The Next Einstein Forum Global Gathering, a biennial event bringing together the continent’s top scientists, policy-makers, and innovators, kicked off in the Rwandan capital under the theme, connecting science to humanity and saw speakers from academia, industry , civil society and government zooming in on science and technology issues affecting the continent.
“Africa’s young people can re-invent and re-invigorate the sciences if properly equipped,” said Thierry Zomahoun, the NEF Founder and Chairman, who also heads up the African Institute of Mathematical Sciences (AIMS) at the opening ceremony of the 2018 NEF in Kigali.
“We must invest in Africa’s most important resource in the next century: young scientists who will drive research driven innovation. This is the fastest way to chart our own path to self-reliance and global competiveness,” Zomahoun said, setting the tone for the three day conference.
Zomahoun announced that, as in 2016, the Forum would run the “Challenge of Invention to Innovation” competition, where sixteen finalists will compete for $25,000 prize each in the three categories: data and deep tech innovations, climate smart innovations and personalized health innovations.
Building knowledge economies of citizens highly competent in science and mathematics is the key to African countries achieving the high income status necessary to climb out of poverty and take their place in global network of innovators, Rwandan President Paul Kagame said.
Kagame’s call for Africa to “seize the moment” through pan-African collaboration and investment in research and development was met with a swell of applause from the audience on Day 1 of the three-day gathering.
The “Women in Science” panel, hosted by Johnson &Johnson Innovation tackled the persistent gender inequality evident in the science and STEM field and discussed finding solutions against unequal pay and the unique obstacles faced by women in the field.
“We need to fix the system. We need to think about the conditions in the pipeline itself. We need to do more than just plug the holes,” said epidemiologist and NEF fellow Dr. Tolu Oni.
A 2018 United Nation’s study found that only 1 in 4 people read or heard about in news are women, and that more than half of all rural women globally lacked basic literacy, while close to 4 billion women were not connected to the internet.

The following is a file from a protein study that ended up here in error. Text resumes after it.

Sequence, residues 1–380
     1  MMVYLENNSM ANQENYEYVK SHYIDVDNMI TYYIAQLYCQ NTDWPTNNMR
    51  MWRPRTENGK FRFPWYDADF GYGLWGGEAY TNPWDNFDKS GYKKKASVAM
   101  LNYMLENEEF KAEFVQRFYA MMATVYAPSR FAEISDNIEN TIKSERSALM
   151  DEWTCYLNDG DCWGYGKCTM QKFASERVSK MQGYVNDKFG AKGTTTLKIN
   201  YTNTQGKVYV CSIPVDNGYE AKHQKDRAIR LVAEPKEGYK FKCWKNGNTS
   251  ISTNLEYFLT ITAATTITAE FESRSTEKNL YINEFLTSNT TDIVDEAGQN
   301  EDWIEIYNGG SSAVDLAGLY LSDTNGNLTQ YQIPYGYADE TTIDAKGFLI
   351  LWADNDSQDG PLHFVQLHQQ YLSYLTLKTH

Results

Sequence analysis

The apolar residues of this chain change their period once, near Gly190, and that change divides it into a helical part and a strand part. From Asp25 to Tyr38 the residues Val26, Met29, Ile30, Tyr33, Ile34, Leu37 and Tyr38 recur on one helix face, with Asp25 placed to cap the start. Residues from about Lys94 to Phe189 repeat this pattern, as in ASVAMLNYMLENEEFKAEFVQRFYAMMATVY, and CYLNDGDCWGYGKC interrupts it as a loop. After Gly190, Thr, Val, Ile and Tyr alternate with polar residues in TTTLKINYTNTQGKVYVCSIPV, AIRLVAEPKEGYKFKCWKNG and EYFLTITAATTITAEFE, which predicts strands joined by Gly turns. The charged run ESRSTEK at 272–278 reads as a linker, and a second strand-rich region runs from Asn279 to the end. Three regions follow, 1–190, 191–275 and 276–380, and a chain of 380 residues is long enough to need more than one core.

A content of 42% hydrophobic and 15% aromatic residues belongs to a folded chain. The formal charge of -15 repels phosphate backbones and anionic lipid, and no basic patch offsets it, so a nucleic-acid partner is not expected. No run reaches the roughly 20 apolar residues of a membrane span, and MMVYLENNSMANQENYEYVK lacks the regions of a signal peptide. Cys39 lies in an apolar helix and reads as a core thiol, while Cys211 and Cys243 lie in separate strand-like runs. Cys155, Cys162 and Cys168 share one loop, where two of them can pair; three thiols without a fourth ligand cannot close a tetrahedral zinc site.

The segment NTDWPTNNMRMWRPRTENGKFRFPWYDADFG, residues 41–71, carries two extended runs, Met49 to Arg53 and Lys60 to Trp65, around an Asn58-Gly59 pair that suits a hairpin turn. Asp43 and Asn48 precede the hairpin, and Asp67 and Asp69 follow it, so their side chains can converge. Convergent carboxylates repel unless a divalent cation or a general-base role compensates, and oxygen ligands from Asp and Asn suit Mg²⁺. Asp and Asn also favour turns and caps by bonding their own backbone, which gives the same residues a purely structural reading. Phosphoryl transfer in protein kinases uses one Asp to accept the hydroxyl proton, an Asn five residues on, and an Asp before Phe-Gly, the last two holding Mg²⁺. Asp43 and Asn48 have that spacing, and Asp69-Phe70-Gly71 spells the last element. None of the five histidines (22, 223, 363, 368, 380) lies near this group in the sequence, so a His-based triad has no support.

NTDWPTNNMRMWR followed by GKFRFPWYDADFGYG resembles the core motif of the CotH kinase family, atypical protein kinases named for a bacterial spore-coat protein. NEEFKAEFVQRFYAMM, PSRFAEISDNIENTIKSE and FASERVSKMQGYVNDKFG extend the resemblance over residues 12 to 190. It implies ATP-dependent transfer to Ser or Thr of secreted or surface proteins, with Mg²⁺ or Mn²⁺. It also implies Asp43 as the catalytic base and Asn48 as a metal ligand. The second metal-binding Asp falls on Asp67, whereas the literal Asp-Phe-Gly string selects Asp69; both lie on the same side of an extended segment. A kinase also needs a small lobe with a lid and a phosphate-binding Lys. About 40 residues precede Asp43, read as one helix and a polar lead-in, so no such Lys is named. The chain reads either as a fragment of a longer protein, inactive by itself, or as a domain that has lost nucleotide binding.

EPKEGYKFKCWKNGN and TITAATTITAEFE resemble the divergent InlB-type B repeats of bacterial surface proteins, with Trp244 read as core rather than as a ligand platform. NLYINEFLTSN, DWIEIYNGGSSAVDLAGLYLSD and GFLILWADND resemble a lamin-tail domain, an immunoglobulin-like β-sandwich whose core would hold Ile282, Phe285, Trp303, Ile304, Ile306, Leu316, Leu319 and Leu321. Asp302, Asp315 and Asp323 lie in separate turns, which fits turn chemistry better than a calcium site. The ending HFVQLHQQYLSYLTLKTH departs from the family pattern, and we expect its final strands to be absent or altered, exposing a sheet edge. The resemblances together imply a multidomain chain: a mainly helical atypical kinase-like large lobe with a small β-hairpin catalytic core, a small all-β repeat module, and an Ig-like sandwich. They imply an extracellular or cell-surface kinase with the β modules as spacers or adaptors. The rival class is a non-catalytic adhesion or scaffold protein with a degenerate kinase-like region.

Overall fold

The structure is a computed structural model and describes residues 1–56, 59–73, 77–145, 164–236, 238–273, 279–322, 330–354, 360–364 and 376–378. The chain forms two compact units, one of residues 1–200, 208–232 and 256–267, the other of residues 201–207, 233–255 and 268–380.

“We need to focus a little less on making women more empowered and more resilient to actually fixing the system so that you don’t have to fight so hard,” said Oni, an Associate Professor at South Africa’s University of Cape Town with over 40 published articles in international journals.
The hot topic of blockchain and crypto currencies roused particular interest, especially following last week’s signing of the African Continental Free Trade Agreement by forty-four African countries, laying the ground for what could be the largest trade bloc in the world.
The consensus between the panel and the audience debating the “Opportunities for Blockchain Technologies in Addressing Africa’s Challenges” was that there were as many challenges as opportunities in the process of realising the future promised by blockchain technology.
“Before these kinds of applications can replace fiat currency they must have the full support of governments. This forum shines a light on these technologies, as so many decision makers are gathered here,” said Professor Sam Yala, Account Manager at Belgian e-payments firm Worldline and a Professor at Kinshasa University.
Kenyan born Blockchain specialist at IBM Komminist Weldermariam argued that even before blockchain could be used as a continental common currency, it could be used to simplify and speed-up cross border transactions by creating “digital ledger”.
Throughout the day, speaker after speaker stressed the importance of civil and governmental institutions in crafting the conditions necessary for scientific discovery to flourish and for young scientists to feel free to pursue their inspiration.
“When Einstein discovered his equation he wasn’t trying to describe the universe. He was just trying to describe gravity. That’s very spooky, that these equations not only describe the universe but they predict phenomena that were unimagined,” said Neil Turok, founder of the African Institute of Mathematical Sciences (AIMS).
AIMS operates a continent-wide network of centers of excellence for post-graduate training, research and public engagement in mathematical sciences, providing financial support and mentorship for talented science graduates to pursue post doctoral study and research.
He added: “When Africans enter the sciences in large numbers; with their diversity, their different backgrounds; and their extreme levels of motivation, they can make massive transformative discoveries.
At one of the day’s marquee discussions, titled “Inspiring the Next Generation”, Nobel laureate Klaus von Klitzing stressed the importance of creating the conditions for researchers and experimental scientists to “develop an intuition” and be free to pursue their academic interests free of financial and administrative pressures.
“The freedom to ask questions, that is what is important for scientists. The freedom to follow a new direction” said von Klitzing, describing the 2.a.m revelation in 1985 that won him that year’s Nobel Prize for Physics.
“All scientist want to generate new knowledge and then to be able to apply it,” von Klitzing added.